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Josephine Baker (Deborah Cox) doing the famous banana dance in Asolo Rep's Josephine.

It was curtains up last week for Asolo Rep with the world premiere of Josephine, a musical about the life of singer-dancer-actress Josephine Baker (read Kay Kipling’s review here). And as you might expect from a show that takes place in the 1930s and ‘40s, the costumes are gorgeous.

We caught up with Eduardo Sigangco, the designer who created all of the confections that Deborah Cox wears in her turn as Josephine, to find out more about his creative process, how he researched the costumes for Josephine and what inspires him.

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Tell us a little about your background.

I’m a set and costume designer, and I’ve done a lot of shows—Broadway, off-Broadway, ballet, musicals, theme parks, circus...it’s been very varied! As far as Josephine goes, I’ve worked with the Asolo before on quite a few productions and have a nice relationship with its costume shop. When they called me in December and I heard this project was about Josephine Baker, I couldn’t resist—that’s like catnip for a designer!

What was your research process like?

I started with Miss Baker herself. There are a lot of photos of her, and I read about what she was like and watched YouTube videos of the original Revue Negre and the banana dance. Then, together with the director, we decided we weren’t interested in designing clothes [based on what] she actually wore; instead, we wanted to capture her essence. It’s not a documentary, it’s a musical—I was more interested in evoking the essence of Josephine Baker and the era.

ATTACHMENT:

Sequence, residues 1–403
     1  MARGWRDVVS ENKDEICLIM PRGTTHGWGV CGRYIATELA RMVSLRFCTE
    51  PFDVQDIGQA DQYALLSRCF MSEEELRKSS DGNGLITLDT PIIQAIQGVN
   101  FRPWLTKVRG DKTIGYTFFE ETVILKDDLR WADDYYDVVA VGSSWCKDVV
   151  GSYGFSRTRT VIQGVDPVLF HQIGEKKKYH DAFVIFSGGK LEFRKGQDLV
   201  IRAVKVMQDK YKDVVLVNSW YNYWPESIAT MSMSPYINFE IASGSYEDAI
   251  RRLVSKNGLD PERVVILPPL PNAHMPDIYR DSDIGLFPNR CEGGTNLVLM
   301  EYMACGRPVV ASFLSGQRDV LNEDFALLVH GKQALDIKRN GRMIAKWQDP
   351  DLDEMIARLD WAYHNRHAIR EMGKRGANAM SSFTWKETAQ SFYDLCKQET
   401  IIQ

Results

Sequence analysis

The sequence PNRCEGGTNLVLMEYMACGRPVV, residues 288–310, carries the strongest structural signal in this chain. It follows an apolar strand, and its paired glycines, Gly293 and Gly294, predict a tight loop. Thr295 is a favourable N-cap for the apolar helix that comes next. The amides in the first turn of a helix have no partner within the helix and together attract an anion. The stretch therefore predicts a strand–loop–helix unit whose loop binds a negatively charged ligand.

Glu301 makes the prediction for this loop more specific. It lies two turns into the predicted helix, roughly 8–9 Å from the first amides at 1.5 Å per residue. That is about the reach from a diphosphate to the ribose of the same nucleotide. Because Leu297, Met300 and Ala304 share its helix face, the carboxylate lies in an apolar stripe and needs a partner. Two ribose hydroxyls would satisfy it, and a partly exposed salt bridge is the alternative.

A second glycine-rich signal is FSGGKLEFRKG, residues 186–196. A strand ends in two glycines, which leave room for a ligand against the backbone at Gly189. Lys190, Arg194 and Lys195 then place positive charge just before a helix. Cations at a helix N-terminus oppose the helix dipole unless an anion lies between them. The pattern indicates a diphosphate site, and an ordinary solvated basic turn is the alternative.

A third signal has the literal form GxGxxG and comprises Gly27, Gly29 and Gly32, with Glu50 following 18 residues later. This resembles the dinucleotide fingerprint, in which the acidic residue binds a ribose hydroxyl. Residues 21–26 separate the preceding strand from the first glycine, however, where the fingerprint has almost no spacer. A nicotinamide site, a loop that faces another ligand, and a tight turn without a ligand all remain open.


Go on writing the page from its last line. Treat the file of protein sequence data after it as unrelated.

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Deborah Cox and Lynette DuPree. 

Describe the costumes.

They’re couture—made from scratch. To make them, I imagined who did her clothes—maybe Chanel, maybe Schiaparelli—and noticed a pattern. She liked feathers, she loved big, chunky jewelry, whenever she wore gowns, they were really elegant—she had great taste. The design just kind of flowed. In that way, it was an easy gig for me. And that’s rare for a costume designer.  I loved it. I have a big feather bill! [Laughs.]

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How long did it take to design and create all of the looks in the show?

I started drawing Christmas Day, and sketched for about a month and a half before we started building. I sourced fabrics in New York, went to my feather man, got tons of Swarovski crystals…there’s tons of jewelry in the show, too, and beading and embroidery and shoes. [Designing the costumes] was rather intense, in a good way. And it’s a feast for the eyes, for sure.

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What do you want people who see the show to take away from the costumes?

I want them to be dazzled. When I was 16, I happened to see the Folies Bergère in Paris, and it the visual effects and emotion of [the show] made a huge impact on me. I want the audience to have a similar reaction to Josephine.

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